Amidst rapid commercialization and economic growth in the Greater Mekong Subregion (GMS) deforestation has become increasingly prevalent, impacting rural and urban communities alike. Due to such consequences, it could be argued that this rapid economic progress has not necessarily improved the well-being of the smallholders who are engaged in agriculture and forestry. For example, the replacement of traditional forest crops with intensively managed rubber and banana plantations has largely led to disappointing returns for certain smallholders, while reducing forest cover by 1,359,694 ha annually (RECOFTC, 2017). This combination of financial instability and deforestation consequently has distorted the smallholders’ ability to adapt to and mitigate the effects of global climate change.
The negative correlation between economic growth and deforestation that is sometimes provided does not need to be the only narrative expressed by those engaged in the region. Commercialization of agriculture and sustainable forestry are not part of a simple dichotomy that is in constant tension with one another. There are ways in which local communities, non-governmental organizations (NGOs), governments and private sector can partner effectively to achieve mutually beneficial results. One such way is through production-driven forest landscape restoration (FLR), which aims to enhance forest cover and secure more cohesive landscape functions while enhancing livelihoods.
Within this context, The Center for People and Forests (RECOFTC) has received financial support from the Federal Ministry for the Environment, Nature Conservation, and Nuclear Energy (BMU), under International Climate Initiative (IKI), to implement a four years project aiming to “enhance climate change mitigation and adaptation potential of forests in Greater Mekong Subregion (GMS) countries through innovative and production-driven forest landscape restoration (FLR).” The approach will be driven by emerging private sector-community partnerships to stimulate production-driven forest landscape restoration.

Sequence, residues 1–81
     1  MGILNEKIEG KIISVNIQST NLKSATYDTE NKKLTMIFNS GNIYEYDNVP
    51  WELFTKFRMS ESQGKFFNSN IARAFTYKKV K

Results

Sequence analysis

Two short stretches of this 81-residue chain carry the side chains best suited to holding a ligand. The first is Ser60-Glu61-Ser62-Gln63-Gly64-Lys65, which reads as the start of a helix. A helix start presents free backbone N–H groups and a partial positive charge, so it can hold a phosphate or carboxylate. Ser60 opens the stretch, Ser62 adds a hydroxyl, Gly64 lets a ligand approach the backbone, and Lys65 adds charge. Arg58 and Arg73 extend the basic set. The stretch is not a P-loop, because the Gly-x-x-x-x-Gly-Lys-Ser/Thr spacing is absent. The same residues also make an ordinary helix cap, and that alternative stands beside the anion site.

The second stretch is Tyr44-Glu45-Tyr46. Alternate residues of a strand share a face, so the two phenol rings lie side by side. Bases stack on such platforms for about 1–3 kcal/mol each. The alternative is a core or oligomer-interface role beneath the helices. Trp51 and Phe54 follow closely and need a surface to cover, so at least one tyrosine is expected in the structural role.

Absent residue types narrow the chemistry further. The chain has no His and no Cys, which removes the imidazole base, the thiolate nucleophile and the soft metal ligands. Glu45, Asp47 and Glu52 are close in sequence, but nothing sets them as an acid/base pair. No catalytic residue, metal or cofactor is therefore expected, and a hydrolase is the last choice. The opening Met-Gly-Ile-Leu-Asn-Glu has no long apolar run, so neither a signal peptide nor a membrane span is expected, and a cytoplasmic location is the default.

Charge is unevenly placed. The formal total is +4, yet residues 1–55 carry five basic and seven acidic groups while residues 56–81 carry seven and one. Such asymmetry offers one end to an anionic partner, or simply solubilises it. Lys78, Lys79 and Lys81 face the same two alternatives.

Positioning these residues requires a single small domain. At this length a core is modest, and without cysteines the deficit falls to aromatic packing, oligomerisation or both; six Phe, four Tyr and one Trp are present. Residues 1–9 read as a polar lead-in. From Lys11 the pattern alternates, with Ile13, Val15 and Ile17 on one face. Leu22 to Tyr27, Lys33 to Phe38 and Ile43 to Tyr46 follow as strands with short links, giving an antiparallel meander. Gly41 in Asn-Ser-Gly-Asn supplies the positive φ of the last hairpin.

RECOFTC, with the International Network for Bamboo and Rattan (INBAR), the Technische Universität Dresden (TUD), Nan Community College (NCC) and selected private sector actors, will work closely in three landscapes within Lao PDR, Thailand and Viet Nam.
The project will integrate in a succinct manner with the national strategies of the target countries, as well as provide tangible goals and results. In pursuing such an objective, this project will cover four important thematic areas: climate change mitigation, climate change adaptation, sustainable use and conservation of biodiversity, and contribution towards sustainable development.
In essence, this project aims to develop community-private sector business partnerships in achieving forest restoration, forest productivity and improved livelihoods in three landscapes in the following countries:
Lao PDR: Facing an annual forest loss of 16,000 ha (FAO, 2015), the Lao PDR is also losing living biomass at a rate of 9,400,000 ton/year. The potential project site is considering a two to five km corridor along the Mekong river, encompassing Bokeo-Sayabouri-Luangprabang provinces, focusing specifically on engaging with community lead forest production and conservation models. In particular, by including teak and non-timber forest products in these models, they will have the potential to achieve significant economic and restoration outcomes. The aim of these models is to strengthen community lead sustainable forest management practices while making them attractive to the local timber, fuel and bark processing industry
Viet Nam: With an annual forest loss rate of 12,000 ha (FAO, 2015), the project will pilot a forest production model that seeks to reverse this trend.Specific support will be provided to a cluster of communes in Nghe An province, which have control over smallholder plantations--primarily bamboo--and natural forests by virtue of the Red Book (Certificate of Land Use Rights granted as per Viet Nam’s land use policy). The aim is to work with the well established market opportunities for bamboo and other wood products and assess and improve efficiency in forest product value chains, with particular focus on realistic life cycle and carbon footprint assessments in different primary production and transport options.
Thailand: Living biomass in forests is being reduced by a rate of 7,200,000 ton/year, while the government seeks to restore forest cover to 40% (FAO, 2015). In one of the major timber producing regions, Nan province, the project will work with smallholders and the Forest Industry Organization to support in lowering the impact of timber extraction on some of the plantations, and assist in government restoration activities. Small and medium scale wood processing facilities will provide for potentially innovative opportunities to improve carbon-footprinting in the harvesting and wood processing stages.